# Conservation of Charge

## Introduction

A charge is a property of matter that causes and experiences electrical and magnetic effects. The basic concept behind charge conservation is that the system's total charge is conserved.

It can be defined as:

Atoms and molecules make up all of the materials in the world. Normally, all of these atoms and molecules are electrically neutral, with all of their charges balanced. One of the types of charges must be removed in order to electrify a neutral body.

A charged body always indicates either an electron deficit or an electron surplus. Electrons are assumed to be negatively charged. By removing some electrons from the atom, a body can be positively charged. Similarly, the same body can be negatively charged by gaining some electrons. In real life, whenever one body rubs against another.

One of the bodies loses electrons, while the other gains and becomes electrified as a result. The flow of charge causes electricity to flow. Some substances permit the passage of electricity through them, while others do not. These materials are classified as either conductors or insulators.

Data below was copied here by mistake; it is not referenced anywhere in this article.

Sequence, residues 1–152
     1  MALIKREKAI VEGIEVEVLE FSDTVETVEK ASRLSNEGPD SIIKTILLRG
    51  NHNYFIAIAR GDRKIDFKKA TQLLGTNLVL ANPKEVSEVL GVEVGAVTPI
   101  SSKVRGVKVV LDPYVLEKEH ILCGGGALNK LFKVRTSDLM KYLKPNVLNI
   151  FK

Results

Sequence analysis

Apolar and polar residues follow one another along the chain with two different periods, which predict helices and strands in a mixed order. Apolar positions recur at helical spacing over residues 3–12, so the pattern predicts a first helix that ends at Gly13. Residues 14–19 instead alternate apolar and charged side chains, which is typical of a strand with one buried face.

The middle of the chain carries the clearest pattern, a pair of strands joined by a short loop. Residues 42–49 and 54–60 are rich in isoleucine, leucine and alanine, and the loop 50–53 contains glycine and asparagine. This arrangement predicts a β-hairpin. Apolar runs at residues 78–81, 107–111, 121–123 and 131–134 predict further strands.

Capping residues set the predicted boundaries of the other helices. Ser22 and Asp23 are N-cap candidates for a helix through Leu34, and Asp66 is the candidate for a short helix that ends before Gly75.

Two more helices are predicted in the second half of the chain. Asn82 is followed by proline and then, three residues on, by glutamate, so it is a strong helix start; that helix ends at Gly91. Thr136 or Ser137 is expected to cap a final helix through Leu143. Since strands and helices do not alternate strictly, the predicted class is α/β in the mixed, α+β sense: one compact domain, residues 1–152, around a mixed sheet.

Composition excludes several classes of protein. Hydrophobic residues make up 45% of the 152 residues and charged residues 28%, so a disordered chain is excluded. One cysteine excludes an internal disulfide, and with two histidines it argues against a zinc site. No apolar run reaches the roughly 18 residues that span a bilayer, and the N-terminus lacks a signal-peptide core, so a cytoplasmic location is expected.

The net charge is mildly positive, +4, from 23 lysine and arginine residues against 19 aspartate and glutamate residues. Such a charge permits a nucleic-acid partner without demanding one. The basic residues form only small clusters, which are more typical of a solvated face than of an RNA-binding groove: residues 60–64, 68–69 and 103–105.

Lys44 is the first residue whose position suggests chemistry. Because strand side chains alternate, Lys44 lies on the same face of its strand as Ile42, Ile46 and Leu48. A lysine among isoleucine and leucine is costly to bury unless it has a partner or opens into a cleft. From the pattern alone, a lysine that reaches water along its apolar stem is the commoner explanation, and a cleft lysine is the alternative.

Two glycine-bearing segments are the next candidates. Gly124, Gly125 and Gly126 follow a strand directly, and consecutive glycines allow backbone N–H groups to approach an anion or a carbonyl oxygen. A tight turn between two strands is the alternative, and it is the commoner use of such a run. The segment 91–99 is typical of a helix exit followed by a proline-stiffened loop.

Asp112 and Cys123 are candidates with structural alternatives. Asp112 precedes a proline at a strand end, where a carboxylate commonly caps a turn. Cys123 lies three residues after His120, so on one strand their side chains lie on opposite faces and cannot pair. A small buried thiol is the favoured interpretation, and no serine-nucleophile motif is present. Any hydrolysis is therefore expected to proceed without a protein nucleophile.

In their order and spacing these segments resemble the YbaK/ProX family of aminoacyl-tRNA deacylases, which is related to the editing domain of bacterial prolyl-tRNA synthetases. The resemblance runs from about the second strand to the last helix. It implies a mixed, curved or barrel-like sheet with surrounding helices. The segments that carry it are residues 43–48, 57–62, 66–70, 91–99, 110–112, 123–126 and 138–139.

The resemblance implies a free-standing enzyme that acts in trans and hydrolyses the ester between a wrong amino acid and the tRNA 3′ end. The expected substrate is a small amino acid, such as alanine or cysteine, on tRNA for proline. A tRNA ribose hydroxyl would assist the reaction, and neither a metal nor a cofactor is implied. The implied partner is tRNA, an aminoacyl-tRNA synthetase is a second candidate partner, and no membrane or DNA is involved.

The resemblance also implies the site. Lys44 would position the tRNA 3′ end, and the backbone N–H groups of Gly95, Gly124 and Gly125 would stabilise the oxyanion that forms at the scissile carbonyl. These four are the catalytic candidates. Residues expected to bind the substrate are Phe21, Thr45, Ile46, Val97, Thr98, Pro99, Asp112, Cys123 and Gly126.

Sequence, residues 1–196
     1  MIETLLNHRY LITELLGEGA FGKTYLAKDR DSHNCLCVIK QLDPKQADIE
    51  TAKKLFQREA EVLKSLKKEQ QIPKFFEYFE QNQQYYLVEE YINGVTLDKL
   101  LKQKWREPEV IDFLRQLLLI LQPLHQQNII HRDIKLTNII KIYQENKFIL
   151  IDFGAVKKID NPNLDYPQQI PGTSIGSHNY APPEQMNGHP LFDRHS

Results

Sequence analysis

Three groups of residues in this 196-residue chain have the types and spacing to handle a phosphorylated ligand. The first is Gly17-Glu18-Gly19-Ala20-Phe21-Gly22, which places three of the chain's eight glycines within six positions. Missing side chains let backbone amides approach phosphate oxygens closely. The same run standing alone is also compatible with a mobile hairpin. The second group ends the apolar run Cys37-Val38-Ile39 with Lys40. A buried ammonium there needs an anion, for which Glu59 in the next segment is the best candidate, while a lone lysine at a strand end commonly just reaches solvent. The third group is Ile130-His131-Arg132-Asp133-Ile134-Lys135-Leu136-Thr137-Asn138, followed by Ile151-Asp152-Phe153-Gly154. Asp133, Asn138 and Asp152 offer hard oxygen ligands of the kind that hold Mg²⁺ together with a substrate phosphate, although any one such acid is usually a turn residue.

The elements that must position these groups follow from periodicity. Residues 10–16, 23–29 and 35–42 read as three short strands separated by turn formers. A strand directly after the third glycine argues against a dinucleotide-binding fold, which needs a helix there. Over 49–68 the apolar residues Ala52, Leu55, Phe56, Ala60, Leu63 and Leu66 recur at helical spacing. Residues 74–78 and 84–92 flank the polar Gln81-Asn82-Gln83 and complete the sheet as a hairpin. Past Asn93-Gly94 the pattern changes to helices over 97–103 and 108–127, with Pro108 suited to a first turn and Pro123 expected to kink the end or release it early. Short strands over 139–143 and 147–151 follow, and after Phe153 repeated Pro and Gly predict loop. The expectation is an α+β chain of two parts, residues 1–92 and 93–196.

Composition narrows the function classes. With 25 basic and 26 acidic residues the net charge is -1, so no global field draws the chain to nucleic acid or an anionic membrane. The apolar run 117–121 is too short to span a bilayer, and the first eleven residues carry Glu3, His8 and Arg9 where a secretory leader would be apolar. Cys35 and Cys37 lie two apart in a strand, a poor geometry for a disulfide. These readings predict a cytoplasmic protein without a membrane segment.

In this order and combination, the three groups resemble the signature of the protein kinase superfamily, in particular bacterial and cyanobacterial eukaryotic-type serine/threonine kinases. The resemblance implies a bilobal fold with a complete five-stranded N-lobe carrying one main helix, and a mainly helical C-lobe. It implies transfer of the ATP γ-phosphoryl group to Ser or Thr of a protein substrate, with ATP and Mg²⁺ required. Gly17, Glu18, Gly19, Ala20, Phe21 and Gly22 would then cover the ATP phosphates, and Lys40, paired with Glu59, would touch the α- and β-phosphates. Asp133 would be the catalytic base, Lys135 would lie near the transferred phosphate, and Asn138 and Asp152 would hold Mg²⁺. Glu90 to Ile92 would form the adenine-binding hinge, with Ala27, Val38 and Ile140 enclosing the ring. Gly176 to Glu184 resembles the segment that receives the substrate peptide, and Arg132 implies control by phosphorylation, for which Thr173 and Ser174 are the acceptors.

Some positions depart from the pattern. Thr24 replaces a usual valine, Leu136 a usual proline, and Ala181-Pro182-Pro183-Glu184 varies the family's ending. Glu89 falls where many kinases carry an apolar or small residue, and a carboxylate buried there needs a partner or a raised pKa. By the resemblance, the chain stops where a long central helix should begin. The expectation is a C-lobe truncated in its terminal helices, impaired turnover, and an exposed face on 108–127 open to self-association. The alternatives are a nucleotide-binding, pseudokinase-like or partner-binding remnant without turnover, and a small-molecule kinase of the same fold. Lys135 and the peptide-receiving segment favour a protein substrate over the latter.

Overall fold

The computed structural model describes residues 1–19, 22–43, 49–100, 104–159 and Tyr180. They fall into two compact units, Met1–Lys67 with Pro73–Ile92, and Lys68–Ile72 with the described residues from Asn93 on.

## Conductors

Conductors are substances that permit the passage of electricity through them. They have electric charges (electrons) that are relatively free to move around the conductor's body.

Examples: Metals, Human and Animal bodies

## Insulators

Insulators are substances that do not allow electricity to pass through them. They also have electric charges (electrons), but they cannot move freely within the body. As a result, this body is unable to conduct electricity.

Examples: Wood, rubber, clothes, etc.

## Conservation of Charge

"Conservation of Charge is the principle that the total electric charge in an isolated system never changes. The net quantity of electric charge, the amount of positive charge minus the amount of negative charge in the universe, is always conserved."

The system, as we know, is a collection of objects whose interactions with charges are analogous to the conservation of energy and momentum. However, this conservation law is more intuitive because an object's net charge is determined by the number of electrons and protons. The protons and electrons cannot simply appear and disappear; the total charge must be the same. That's why a body always has the same number of electrons and protons.